Apr 062013
 

‘Yagis, swallowing an oil tanker

Vancouver’s Museum of Anthropology’s display One Mind, One Heart in its Multiversity Galleries, created by artist Ian Reid Nusi and curator Pam Brown as a response to the Northern gateway pipeline proposal. Nusi’s mask shows the sea monster ‘Yagis eating an oil tanker. http://moa.ubc.ca/

Mar 112013
 
Untitled Work

Shawn Hunt, Untitled, 2013
Macaulay & Co Fine Art Gallery, Vancouver

Macaulay & Co. Fine Art has opened a new gallery space east of Main at 293 East 2nd Avenue in Vancouver. One of the gallery’s artists, Heiltsuk artist Shawn Hunt has distinguished himself both in traditional work along with an evolving more personal innovative style with elements of Surrealism.

The Macaulay & Co opening show continues until March 30 2013. The next exhibition at Macaulay is recent work by Lawrence Paul Yuxweluptun from April 4 to May 4 2013. See http://mfineart.ca/

 

Nov 012011
 
Stan Bevan

Stan Bevan

 The BC Achievement Foundation has announced five artists as recipients of the 2011 BC Creative Achievement Awards for First Nations Art, the fifth year of the awards. They are:

Sonny Assu, Kwakwaka’wakw, lives in Vancouver BC; his exhibition at the West Vancouver Museum runs until November 5 2011. See his website at http://sonnyassu.com/

Stan Bevan, Tsimshian/Tahltan/Tlingit, is from Terrace BC, and is an instructor at the Freda Diesing School of Northwest Coast Art. As a teacher and as an artist, his influence on his peers and the next generation is great. Bevan has worked on the Kitselas Canyon site near Terrace extensively, leading teams of young carvers and designing poles there. His own portfolio is at http://stanbevan.blogspot.com/

Vera Edmonds, Lil’wat, from Mount Currie BC, is a master cedar root weaver. The Lil’wat Cultural Centres in Whistler houses her original works as well as older and valuable pieces she has carefully restored. She is on Facebook.

Shawn Hunt, Heiltsuk, is from Sechelt BC, whose current work was exhibited in October at the Blanket Gallery in Vancouver (see The Beat October 2011). Hunt works in both traditional and more “Pop” modes. See http://www.shawnhunt.net/

Jay Simeon, is a Haida artist who lives in Vancouver BC. From jewellery to masks to wood carvings and ceremonial regalia, he interprets traditional art form in a contemporary setting. Simeon was one of the artists featured in the recent exhibition at the Lattimer Gallery, Silver: Celebrating Twenty-five Years. His online portfolio is at http://www3.telus.net/kitsilan/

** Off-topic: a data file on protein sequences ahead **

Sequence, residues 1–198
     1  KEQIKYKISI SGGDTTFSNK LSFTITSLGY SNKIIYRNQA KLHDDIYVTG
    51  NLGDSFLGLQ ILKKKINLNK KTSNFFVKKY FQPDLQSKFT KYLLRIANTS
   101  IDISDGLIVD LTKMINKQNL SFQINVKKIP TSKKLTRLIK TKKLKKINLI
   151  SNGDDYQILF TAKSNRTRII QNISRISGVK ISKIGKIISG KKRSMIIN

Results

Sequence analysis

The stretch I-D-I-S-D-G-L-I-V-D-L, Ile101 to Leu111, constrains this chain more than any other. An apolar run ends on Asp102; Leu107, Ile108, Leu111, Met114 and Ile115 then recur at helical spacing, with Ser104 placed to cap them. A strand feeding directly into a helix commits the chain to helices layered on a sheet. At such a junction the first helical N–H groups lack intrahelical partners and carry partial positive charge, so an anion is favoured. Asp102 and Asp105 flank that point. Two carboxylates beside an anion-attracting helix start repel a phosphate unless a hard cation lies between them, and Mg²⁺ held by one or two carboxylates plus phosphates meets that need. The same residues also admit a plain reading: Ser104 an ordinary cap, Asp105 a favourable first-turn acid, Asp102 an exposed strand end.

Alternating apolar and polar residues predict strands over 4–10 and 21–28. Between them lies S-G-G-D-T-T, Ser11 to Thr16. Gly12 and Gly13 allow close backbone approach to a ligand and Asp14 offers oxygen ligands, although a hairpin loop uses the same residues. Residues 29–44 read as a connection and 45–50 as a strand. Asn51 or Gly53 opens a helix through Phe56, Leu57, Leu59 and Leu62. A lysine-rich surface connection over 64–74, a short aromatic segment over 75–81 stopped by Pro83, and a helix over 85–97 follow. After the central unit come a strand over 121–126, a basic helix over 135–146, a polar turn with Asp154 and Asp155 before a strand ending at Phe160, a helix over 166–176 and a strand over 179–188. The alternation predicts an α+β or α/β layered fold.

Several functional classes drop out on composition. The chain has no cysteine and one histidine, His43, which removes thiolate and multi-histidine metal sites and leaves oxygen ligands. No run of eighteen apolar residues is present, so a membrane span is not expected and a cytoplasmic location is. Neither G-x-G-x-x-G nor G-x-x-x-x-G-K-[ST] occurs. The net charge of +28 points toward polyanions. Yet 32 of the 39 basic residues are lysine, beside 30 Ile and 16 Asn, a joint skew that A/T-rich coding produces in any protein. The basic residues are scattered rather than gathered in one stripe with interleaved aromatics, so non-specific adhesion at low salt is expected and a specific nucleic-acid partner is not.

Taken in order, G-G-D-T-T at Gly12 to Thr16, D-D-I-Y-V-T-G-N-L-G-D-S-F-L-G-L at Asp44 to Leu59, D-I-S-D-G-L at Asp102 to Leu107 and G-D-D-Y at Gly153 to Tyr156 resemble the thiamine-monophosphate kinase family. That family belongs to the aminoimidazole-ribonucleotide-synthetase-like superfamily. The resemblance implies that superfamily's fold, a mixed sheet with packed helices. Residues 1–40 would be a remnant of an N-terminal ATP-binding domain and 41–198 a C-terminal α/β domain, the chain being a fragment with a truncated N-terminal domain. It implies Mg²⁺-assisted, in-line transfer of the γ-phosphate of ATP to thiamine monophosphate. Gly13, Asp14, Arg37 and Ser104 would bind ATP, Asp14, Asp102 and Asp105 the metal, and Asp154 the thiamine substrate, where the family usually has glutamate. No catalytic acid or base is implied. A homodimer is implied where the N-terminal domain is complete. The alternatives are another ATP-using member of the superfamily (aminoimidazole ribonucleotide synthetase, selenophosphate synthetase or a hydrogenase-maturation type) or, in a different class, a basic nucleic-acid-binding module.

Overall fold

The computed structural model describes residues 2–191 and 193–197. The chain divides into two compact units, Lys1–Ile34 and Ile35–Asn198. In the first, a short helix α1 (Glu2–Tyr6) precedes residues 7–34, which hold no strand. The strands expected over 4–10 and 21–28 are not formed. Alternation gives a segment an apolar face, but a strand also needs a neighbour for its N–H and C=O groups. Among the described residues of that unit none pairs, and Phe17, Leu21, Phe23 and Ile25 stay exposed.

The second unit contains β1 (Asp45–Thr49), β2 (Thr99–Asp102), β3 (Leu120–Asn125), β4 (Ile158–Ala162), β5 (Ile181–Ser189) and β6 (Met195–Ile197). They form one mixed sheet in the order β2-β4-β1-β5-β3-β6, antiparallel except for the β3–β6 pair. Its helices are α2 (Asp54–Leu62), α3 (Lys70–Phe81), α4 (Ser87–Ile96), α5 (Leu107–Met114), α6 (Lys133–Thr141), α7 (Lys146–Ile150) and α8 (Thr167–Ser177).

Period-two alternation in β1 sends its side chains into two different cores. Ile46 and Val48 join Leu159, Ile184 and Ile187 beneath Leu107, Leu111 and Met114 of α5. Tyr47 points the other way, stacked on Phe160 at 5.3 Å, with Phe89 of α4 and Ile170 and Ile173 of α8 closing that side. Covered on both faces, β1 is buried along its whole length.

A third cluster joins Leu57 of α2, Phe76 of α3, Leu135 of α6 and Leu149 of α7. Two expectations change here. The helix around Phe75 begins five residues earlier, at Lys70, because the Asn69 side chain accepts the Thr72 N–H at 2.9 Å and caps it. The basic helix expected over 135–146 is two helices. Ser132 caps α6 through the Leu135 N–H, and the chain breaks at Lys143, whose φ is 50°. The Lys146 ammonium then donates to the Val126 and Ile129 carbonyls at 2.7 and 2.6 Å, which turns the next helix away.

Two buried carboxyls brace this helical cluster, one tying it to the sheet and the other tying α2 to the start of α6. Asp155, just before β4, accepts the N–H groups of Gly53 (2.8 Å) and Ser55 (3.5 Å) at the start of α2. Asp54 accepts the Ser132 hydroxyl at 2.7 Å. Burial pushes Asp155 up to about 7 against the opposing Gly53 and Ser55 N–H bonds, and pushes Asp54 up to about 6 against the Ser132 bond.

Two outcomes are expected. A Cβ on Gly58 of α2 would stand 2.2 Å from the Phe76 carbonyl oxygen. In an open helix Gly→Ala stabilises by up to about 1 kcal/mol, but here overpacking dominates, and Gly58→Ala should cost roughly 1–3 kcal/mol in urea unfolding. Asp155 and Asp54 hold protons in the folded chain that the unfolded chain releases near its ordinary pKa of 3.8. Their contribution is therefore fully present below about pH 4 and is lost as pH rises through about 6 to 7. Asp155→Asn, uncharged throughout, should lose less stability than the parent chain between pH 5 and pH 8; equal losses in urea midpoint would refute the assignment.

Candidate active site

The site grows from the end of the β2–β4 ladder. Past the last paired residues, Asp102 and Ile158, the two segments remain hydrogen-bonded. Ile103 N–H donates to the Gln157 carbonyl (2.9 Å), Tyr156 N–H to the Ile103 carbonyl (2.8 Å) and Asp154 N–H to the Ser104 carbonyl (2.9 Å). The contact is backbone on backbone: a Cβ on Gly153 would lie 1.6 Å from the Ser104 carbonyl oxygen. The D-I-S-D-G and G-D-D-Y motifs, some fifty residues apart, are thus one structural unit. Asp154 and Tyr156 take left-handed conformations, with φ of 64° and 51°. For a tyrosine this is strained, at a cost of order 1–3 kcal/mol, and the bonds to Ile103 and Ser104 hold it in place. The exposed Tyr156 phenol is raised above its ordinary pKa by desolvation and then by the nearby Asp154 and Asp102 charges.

Sep 062011
 
Hakai Luxvbalis Conservancy Area  Photo: Gail Ross, BC Parks

Hakai Luxvbalis Conservancy Area Photo: Gail Ross, BC Parks

Calvert Island, on the central coast of British Columbia, is a site of increasing interest to First Nations and archaeologists. The Heiltsuk and Wukinuxv bands claim the area as part of their traditional territory. It is very likely the legendary Heiltsuk winter village of Luxvbalis.

Dr. Farid Rahemtulla of the University of Northern British Columbia initiated a dig in the shell midden with students this summer. They have found stone tools and bone implements possibly 6,000 to 10,000 years old.

See http://www.unbc.ca/releases/2011_/08_04fieldschool.html

Sep 062011
 
SFU’s Rudy Reimer holds a replica of a the bentwood boxes that will receive the remains of the Namu ancestors  Photo: SFU

SFU’s Rudy Reimer holds a replica of a the bentwood boxes that will receive the remains of the Namu ancestors Photo: SFU

In the 1960’s and ‘70’s Simon Fraser University Professor Roy Carlson lead a group of archaeologists who excavated 1,000 to 5,000 year old remains of Heiltsuk ancestors on the island of Namu, north of Vancouver Island. The remains were studied, and DNA and other analyses are being carried out.

Now, the ancestors are coming home to their burial place. On September 2 2011, Professor Carlson, Chief Harvey Humchett and the Heiltsuk Tribal Council reburied the remains.

http://www.sfu.ca/pamr/media-releases/2011/ancestral-remains-make-historic-trip-home.html